Aggregates Manager

October 2013

Aggregates Manager Digital Magazine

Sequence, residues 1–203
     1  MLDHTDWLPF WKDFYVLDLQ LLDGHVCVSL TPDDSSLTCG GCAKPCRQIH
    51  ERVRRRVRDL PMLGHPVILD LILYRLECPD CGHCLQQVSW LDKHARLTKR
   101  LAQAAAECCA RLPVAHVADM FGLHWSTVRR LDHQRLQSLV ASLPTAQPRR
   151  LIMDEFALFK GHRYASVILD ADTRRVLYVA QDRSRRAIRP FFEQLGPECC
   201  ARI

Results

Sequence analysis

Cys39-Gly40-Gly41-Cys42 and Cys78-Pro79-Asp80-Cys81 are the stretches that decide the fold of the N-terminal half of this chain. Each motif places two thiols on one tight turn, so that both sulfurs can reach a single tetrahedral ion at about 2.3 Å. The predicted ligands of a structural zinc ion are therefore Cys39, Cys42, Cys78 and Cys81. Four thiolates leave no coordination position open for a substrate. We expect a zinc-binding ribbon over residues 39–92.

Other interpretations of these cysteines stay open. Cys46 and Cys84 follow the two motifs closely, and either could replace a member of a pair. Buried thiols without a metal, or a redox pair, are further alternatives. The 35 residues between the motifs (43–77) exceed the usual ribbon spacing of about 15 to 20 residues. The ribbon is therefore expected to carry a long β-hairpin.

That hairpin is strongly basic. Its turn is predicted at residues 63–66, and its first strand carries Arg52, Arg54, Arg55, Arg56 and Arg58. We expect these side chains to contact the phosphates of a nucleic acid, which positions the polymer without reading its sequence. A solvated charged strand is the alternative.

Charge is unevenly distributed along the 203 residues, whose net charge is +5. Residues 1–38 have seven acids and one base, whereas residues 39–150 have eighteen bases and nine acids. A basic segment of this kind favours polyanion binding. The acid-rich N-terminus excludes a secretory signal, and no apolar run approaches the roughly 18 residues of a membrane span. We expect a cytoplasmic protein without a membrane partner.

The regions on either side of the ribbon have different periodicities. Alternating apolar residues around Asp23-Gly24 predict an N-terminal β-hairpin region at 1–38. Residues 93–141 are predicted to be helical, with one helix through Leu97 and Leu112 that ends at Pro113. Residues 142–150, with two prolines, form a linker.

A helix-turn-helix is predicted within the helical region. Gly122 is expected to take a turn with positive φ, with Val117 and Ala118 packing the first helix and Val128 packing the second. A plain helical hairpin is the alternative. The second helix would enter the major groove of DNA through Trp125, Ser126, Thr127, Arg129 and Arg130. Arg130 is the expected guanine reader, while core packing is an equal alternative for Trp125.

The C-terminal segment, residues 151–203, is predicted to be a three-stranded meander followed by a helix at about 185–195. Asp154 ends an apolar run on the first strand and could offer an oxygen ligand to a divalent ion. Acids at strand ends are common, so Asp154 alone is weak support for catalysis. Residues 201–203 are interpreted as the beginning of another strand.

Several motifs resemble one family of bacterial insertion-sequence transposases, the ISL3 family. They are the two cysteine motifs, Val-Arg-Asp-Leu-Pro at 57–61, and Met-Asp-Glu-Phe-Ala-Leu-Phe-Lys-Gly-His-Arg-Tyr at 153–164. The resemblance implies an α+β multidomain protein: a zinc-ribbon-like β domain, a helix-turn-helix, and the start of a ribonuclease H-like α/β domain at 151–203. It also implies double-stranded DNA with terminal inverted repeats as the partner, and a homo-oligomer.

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by Therese Dunphy, Editor-in-Chief October 2013 Vol. 18, No. 10 /AggregatesManager @AggMan_editor Editorial Editor-in-Chief: Therese Dunphy Editorial Director: Marcia Gruver Doyle Online Editor: Wayne Grayson Online Managing Editor: Amanda Bayhi Design & Production Art Director: Sandy Turner, Jr. Production Designer: Timothy Smith Advertising Production Manager: Linda Hapner Construction Media Senior VP, Construction Media: Dan Tidwell VP of Sales, Construction Media: Joe Donald 3200 Rice Mine Rd NE Tuscaloosa, AL 35406 800-633-5953 Corporate Chairman/CEO: Mike Reilly President: Brent Reilly Chief Process Officer: Shane Elmore Chief Administration Officer: David Wright Senior Vice President, Sales: Scott Miller Senior Vice President, Editorial and Research: Linda Longton Vice President of Events: Alan Sims Vice President, Audience Development: Stacy McCants Vice President, Digital Services: Nick Reid Director of Marketing: Julie Arsenault For change of address and other subscription inquiries, please contact: Aggregates Manager TM magazine (ISSN 1552-3071) is published monthly by Randall-Reilly Publishing Company copyright 2013. Executive and Administrative offices, 3200 Rice Mine Rd. N.E., Tuscaloosa, AL 35406. Subscription rates: $24 annually, Non-domestic $125 annually. Single copies: $7. We assume no responsibility for the validity of claims of manufacturers in any advertisement or editorial product information or literature offered by them. Publisher reserves the right to refuse non-qualified subscriptions. Periodical circulation postage paid at Tuscaloosa, Alabama and additional entries. All rights reserved. No part of this publication may be reproduced or transmitted in any form or by any means, electronic or mechanical, including photocopying, recording, or by an information storage retrieval system, without written permission of the copyright owner. POSTMASTER: Send all UAA to CFS. (See DMM 707.4.12.5); NON-POSTAL AND MILITARY FACILITIES: send address corrections to Aggregates Manager, 3200 Rice Mine Road N.E.,  Tuscaloosa, AL  35406. Editorial_AGRM1013.indd 3 WINNING THE BATTLE of the Temporal Triad A t the American Road and Transportation Builders Association (ARTBA) National Meeting, held Sept. 8-10 in Milwaukee, Fox News commentator Jim Pinkerton outlined a strategy to build broad support for transportation investment. Pinkerton, who has worked as a consultant for the organization for the last year and a half, says that to successfully navigate Beltway politics, we must first navigate the "temporal triad" of past, present, and future political struggles. "There's a saying in Washington that, if you're not at the table making decisions, you're on the menu," he says. "The issue is trying to create a narrative that compels people. It's a question of strategy — developing compelling arguments." Those compelling arguments are key to building coalitions, Pinkerton adds. Looking to the past, he notes that numerous historical leaders, including James Madison, were strong proponents of national infrastructure investment. In Federalist Paper #14, Madison wrote, "The intercourse throughout the Union will be facilitated by new improvements. Roads will everywhere be shortened, and kept in better order; accommodations for travelers will be multiplied and meliorated..." Looking to the present, Pinkerton says that other nations have made infrastructure a strategic priority. He points to the recent election of Tony City skylines, such as London's, create national exuberance and pride, Abbott as prime minister of Pinkerton says. Australia. Already dubbed the "infrastructure prime minister," Abbott campaigned on the promise of $11 billion for roads. Macau, China, which is six times the size of Las Vegas, boasts 17 million visitors a year and generates $38 billion in annual gambling revenues that contribute to the national economy. In England, the London skyline showcases a revitalized city that, while it hasn't lost touch with its history, is hardly mired in it. "City skylines define national exuberance and pride," Pinkerton says. "If people buy into the vision of changing the world in a positive way, roads and bridges will follow. If people make a political decision to want it, they'll get it." Rather than focusing on a bunch of "nerdy studies," Pinkerton suggests that transportation advocates create an inspiring vision of the future. "Ideas are always more powerful in politics," he says. "We have to make the connection to a strong and prosperous country. In politics, the idea of a strong America trumps other goals and values. "You've got to win the battle of the past and the future, and leverage the present. You have to be part of the battle of ideas. You need a can-do coalition. You need to emphasize national strength," he concludes. "In the feast of the future, you want to be a feaster, not a feastee." AGGREGATES MANAGER October 2013 3 9/18/13 3:24 PM

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